Sunday 8 July 2012


The most southerly of the Aeolian Islands is called Vulcano, and it lives up to its name. Approaching the island we see smoke drifting from the top of the crater as we round the top of the island and into the bay where we drop anchor. Kerry and I go ashore in the rib looking for fresh bread and we walk along a beach of black sand which looks like mud but behaves like sand. People lie on the black sand on their towels and deckchairs but the sea looks inky black even though it is clean and clear - all very odd. We ask the way to the supermarket and we are directed down a small lane where a powerful whiff of sulphur greets us.

The following day we make the short journey north to the island of Lipari, the largest island in the chain, and as we motor along the town quay, boat boys beckon us to their pontoon, but we decline and motor on to the marina at Pignatori which is sheltered from the wash of ferries and hydrofoils which thunder in and out of the port. After dinner in the centre, we close the hatches, plug into the shore power and turn on the air conditioning reducing the ambient temperature from 30 degrees down to a refreshing 21 and we sleep like logs. In the morning we take Kerry to the ferry port where she catches the Hydrofoil to Milazzo and on to Catania Airport and back to the UK. Having prmised Kerry two volcanos we didnt manage to get her to Etna or Stromboli - maybe next time. We load up with provisions from the supermarket and leave the dock in the baking midday sunshine.

We anchor on the south eastern tip of Panarea in a bay called Baia Milazzese. We are about 400 metres off the shore in 8 metres of water, so clear that I can see our anchor buried reassuringly in the sand. We swim ashore to the beach with soft brown sand and a taxi rank of golf buggies. No cars are allowed on the island so its either a buggy or a donkey - and we haven't seen any donkeys. After breakfast we motor round to the port in the rib and true to its reputation, Panarea is bohemian laid back chic and very expensive. Almost closed through the winter, the island opens for business at Easter and restaurants and exclusive boutiques blossom around the port in perfect whitewashed buildings with bean bags on manicured lawns and turquoise murals decorating the gleaming white walls. The port itself has just a concrete dock where the hydrofoil charges in every so often and uncomfortable looking newcomers unload, with long trousers, suitcases and furrowed brows. They haven't been here long and are still wound up from the stress of timetables and deadlines and wheeling suitcases. But we are sure that they will soon ease into the rhythm of Panarea.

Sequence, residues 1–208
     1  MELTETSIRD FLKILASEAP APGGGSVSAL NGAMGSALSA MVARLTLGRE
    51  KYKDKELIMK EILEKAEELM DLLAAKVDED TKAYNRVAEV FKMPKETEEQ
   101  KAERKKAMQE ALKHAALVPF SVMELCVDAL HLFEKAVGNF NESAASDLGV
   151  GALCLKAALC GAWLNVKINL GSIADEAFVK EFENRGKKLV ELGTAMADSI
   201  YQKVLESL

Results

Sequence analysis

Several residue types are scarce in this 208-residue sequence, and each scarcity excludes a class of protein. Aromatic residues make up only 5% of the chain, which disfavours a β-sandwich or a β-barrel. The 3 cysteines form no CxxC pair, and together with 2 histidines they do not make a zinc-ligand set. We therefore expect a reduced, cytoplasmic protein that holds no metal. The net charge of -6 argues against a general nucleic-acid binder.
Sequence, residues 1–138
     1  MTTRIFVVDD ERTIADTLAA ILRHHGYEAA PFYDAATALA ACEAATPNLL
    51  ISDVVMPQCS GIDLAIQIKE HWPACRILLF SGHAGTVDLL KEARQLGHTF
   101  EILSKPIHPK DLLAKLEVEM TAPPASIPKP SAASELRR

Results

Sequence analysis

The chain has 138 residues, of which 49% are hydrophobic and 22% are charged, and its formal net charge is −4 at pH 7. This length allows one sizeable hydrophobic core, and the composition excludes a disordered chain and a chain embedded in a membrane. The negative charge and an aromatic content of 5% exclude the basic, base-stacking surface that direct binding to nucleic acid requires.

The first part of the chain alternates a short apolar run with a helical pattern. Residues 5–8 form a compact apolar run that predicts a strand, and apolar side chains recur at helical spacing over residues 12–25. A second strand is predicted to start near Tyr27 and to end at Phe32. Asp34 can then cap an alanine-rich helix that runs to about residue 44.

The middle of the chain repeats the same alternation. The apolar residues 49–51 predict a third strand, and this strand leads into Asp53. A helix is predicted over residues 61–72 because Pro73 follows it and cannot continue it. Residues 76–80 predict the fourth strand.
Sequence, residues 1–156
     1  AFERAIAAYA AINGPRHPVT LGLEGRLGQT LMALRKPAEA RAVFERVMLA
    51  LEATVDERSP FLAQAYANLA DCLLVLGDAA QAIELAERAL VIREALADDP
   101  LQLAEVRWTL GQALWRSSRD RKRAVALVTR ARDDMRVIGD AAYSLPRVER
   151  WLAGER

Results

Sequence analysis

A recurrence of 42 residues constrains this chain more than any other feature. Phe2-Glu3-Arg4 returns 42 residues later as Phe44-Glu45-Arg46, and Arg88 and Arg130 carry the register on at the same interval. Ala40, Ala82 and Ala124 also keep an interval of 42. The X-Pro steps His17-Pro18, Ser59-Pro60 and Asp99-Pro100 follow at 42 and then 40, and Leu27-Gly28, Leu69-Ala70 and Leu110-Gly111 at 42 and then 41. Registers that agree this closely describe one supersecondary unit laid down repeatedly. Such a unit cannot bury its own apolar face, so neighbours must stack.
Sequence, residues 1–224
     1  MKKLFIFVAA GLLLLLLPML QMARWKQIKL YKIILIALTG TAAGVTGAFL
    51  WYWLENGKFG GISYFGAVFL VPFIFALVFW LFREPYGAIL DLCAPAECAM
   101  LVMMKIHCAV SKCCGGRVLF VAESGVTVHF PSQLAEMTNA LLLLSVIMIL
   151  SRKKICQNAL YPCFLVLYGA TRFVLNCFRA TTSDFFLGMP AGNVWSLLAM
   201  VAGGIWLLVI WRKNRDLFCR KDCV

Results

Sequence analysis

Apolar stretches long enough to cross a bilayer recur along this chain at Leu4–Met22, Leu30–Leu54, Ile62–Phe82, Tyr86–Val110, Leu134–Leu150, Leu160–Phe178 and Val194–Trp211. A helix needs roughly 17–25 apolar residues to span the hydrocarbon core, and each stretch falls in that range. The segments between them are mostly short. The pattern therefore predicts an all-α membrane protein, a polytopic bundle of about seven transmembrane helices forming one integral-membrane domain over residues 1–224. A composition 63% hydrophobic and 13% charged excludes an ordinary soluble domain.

Powerful ribs driven by yacht crew in regulation white polo shirts and khaki shorts deposit their masters on the dinghy dock. Women wear diaphanous tops over bikinis with brightly coloured cotton trousers and gladiator style sandals, while men wear the same old weathered cargo shorts and faded t shirt that they have worn on every holiday that they can remember. We walk through the labyrinth of lanes which criss-cross the port, and at each turn there is another boutique with eye watering prices and the occasional tantalising glimpse of blue swimming pools through bursts of pink bougainvillea. I ask where I can buy fish and I am directed to the fuel dock where the attendant makes a telephone call and Caramello appears in his buggy. He hacks off two huge slabs from the remnants of a large swordfish lying on a bed of ice and charges me an unspeakable amount. Despite the expense, we love Panarea, and as we motor back to our anchorage in our rib I am sure that the fact it rhymes with Panacea is no coincidence.


  1. once again you've captured what i believe to be the essence of the idylic cruising lifestyle.
    your blogs are mesmerizing, please keep them coming...

    1. thanks for your kind comments. are you on a boat or on land somewhere?

  2. And you can spell panacea... yay

  3. my mind is on a boat, but my body is on land. haha. i live in a small town in central Ontario, Canada (google maps Callander Ontario if you like). i do get to sail on a freshwater lake aboard my brother's c&c 25 fairly regularily, but share the dream of casting my lines off and pointing the bow towards the horizon.